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After the Snow

Northern Cardinal

Northern Cardinal

On Sunday I didn’t go out birding as the weather was awful – first we got about six inches of snow, then freezing rain for most of the afternoon, and then back to snow. The rest of the week was cold, hovering below -20°C during the day, so I didn’t get out until it “warmed up” on Friday to the point where the air no longer felt like a mask of ice against my face. Even better, the sun was shining! I’d been itching to get out to the Rideau River where late-lingering waterfowl such as Northern Pintail, Wood Duck and Pied-billed Grebe were all being seen between Strathcona Park and the Hurdman Bridge. I chose to spend my lunch hour at Hurdman Park, as I was also hoping also to see some robins or waxwings feeding on the berries there in addition to the ducks in the river.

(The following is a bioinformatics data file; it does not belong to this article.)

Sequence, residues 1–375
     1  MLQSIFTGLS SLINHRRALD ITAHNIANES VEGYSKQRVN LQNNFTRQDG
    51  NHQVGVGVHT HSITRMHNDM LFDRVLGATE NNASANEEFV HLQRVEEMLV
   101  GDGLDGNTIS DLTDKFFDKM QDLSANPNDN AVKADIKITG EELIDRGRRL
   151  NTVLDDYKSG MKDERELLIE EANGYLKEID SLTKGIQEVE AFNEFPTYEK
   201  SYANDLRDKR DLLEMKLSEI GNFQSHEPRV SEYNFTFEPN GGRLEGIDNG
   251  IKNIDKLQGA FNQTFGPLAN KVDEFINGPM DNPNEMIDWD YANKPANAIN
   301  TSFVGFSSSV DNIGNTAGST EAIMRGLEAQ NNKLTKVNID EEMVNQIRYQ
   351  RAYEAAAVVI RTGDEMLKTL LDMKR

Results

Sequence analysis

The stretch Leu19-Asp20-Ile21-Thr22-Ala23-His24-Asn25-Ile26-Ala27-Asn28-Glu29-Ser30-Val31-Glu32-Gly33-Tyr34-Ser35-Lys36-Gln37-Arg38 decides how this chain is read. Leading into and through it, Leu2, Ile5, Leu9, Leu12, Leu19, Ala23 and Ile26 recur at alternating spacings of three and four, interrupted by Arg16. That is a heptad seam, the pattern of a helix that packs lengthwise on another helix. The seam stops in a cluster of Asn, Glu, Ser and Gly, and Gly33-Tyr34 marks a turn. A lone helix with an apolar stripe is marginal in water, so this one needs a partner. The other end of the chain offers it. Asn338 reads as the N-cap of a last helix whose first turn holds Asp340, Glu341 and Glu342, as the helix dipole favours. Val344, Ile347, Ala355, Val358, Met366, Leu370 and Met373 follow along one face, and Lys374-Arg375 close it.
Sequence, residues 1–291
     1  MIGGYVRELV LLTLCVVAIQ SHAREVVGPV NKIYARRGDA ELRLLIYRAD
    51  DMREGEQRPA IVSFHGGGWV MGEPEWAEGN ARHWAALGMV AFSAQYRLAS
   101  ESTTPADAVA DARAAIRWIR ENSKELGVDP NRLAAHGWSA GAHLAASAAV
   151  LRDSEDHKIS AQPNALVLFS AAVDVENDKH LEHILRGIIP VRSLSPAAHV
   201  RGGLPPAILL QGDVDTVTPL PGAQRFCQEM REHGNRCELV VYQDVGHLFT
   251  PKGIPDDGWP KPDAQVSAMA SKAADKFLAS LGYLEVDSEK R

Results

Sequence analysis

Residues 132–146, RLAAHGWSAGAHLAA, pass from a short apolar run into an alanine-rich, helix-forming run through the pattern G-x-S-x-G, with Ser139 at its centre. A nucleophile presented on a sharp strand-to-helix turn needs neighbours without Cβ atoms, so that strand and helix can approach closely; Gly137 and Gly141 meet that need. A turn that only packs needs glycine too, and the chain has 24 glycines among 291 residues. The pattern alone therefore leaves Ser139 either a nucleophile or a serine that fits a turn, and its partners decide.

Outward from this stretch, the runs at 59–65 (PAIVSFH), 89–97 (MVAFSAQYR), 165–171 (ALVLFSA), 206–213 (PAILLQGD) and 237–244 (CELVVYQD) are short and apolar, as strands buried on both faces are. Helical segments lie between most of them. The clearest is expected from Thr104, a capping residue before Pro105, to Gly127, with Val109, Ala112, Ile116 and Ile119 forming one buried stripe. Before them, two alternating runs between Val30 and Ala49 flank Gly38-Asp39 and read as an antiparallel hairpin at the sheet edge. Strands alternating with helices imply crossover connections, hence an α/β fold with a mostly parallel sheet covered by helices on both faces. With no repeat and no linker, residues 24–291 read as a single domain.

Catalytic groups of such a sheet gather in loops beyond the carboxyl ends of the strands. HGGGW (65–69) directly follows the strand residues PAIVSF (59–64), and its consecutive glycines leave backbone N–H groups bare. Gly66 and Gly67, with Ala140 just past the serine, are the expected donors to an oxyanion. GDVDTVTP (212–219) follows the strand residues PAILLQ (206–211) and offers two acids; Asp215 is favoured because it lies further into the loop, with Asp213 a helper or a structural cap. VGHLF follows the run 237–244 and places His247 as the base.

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A Brand New Year List

Black-backed Woodpecker

Black-backed Woodpecker

When 2015 arrived, I was up and out the door before it fully got light. I was thinking of trying to track down the American Three-toed Woodpecker in Gatineau, but as it was a bit windy, I decided it might not be the best idea. Not only are birds harder to find on windy days, as they tend to seek shelter, it’s also hard to hear a woodpecker tapping softly over the sound of the wind and the creaking of the trees. Instead I stuck to my usual plan, trying to hit as many places as possible which included (1) open water; (2) mixed woodland; (3) open agricultural areas; (4) a landfill; and (5) an area with feeders. I started off the morning at Jack Pine Trail as I had seen a good variety of species there in the past week, and I figured I should easily be able to tally at least a dozen species.